How does a current account surplus affect demand?

Readers Question: How does a current account surplus change demand in an economy?

A current account surplus means that the value of exports is greater than the value of imports (of goods and services).

Net exports is a component of Aggregate demand.  (AD) = C+I+G+(X-M).

Therefore a current account surplus means that the net exports is contributing to higher domestic demand. For example, China has had a significant current account surplus over the past few years. This high demand for exports is contributing to the high level of Chinese economic growth.

If the UK has a current account deficit, this represents a net leakage from the economy. Aggregate demand will be lower than if we had a surplus.


It could be the situation that a current account surplus is the result of a recession and low consumer spending. In a recession, we would expect to see a fall in consumer spending; therefore, we will see lower spending on imports. This will cause a current account surplus. In this case, the low aggregate demand is causing a current account surplus.

A current account surplus is not necessarily a good thing. For example, some criticise Germany for pursuing policies, which lead to a very large current account surplus. They argue that this is leading to lower demand in other European countries. Some economists argue, Germany should seek to boost domestic demand; this will lead to higher import spending and benefit other European countries with a large current account deficit and weak domestic demand.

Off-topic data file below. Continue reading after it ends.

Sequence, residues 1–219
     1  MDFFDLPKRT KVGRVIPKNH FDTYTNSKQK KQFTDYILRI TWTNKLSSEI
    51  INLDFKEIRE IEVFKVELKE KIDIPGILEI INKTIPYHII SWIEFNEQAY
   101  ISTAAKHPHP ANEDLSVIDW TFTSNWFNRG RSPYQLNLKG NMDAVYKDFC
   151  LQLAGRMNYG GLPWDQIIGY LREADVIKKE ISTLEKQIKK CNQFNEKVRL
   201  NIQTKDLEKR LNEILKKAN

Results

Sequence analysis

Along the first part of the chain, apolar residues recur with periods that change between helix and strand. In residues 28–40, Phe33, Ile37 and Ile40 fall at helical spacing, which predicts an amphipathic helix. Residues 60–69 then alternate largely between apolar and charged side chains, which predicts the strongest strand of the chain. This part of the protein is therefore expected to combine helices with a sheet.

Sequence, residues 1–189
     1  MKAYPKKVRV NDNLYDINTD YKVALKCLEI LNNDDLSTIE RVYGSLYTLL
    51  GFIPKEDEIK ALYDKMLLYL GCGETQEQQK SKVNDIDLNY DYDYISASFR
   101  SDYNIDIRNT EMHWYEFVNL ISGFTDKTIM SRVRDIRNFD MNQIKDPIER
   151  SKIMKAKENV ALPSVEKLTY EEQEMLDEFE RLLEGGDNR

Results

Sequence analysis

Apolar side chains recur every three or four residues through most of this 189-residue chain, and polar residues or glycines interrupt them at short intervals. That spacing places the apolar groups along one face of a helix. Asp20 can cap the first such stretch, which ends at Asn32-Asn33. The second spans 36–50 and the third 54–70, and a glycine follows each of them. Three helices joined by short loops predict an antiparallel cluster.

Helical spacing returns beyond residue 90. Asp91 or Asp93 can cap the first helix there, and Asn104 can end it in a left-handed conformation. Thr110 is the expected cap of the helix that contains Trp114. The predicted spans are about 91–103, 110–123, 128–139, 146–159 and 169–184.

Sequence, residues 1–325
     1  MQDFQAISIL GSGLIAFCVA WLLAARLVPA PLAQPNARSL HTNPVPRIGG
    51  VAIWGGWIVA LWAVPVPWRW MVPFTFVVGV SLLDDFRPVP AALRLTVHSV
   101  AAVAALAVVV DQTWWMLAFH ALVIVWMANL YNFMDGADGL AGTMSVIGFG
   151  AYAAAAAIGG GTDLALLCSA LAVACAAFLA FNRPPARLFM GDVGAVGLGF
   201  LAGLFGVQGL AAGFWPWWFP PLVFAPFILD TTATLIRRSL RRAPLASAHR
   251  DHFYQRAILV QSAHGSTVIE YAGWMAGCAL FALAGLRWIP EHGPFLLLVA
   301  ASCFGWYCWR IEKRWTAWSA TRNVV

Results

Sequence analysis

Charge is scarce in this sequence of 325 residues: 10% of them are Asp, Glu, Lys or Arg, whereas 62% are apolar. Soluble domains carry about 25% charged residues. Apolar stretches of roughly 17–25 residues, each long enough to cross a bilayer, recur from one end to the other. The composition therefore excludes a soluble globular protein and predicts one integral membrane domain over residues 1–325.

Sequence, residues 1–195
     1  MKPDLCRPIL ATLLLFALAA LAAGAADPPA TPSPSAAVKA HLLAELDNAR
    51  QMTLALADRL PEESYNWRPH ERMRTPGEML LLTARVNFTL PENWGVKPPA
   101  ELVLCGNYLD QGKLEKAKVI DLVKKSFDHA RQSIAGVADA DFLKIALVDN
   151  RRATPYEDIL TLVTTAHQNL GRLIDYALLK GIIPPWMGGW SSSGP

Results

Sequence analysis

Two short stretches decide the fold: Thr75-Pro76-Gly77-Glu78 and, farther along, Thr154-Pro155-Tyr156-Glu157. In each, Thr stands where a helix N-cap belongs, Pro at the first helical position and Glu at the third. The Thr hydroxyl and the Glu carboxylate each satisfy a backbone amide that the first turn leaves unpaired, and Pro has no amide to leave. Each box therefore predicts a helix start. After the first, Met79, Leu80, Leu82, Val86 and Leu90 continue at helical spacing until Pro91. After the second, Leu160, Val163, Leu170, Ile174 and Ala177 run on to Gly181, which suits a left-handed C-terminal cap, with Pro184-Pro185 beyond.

On the positive side, a current account surplus is an indicator that Germany are very competitive, and this will help them to create jobs and economic growth.

Current account surplus and exchange rate

Another factor to consider is the impact of a current account on the exchange rate. In 2006, China was running a large current account surplus. However, in the past few years, the Chinese currency has steadily appreciated. This increase in value has reduced their current account surplus, and limited the growth in Chinese exports and domestic demand.

If the UK moved from a deficit to a surplus, we might expect to see an appreciation in the Pound (this is due to greater demand for Pounds as people buy more UK exports). The appreciation in the currency will tend to reduce demand (assuming relatively elastic demand)


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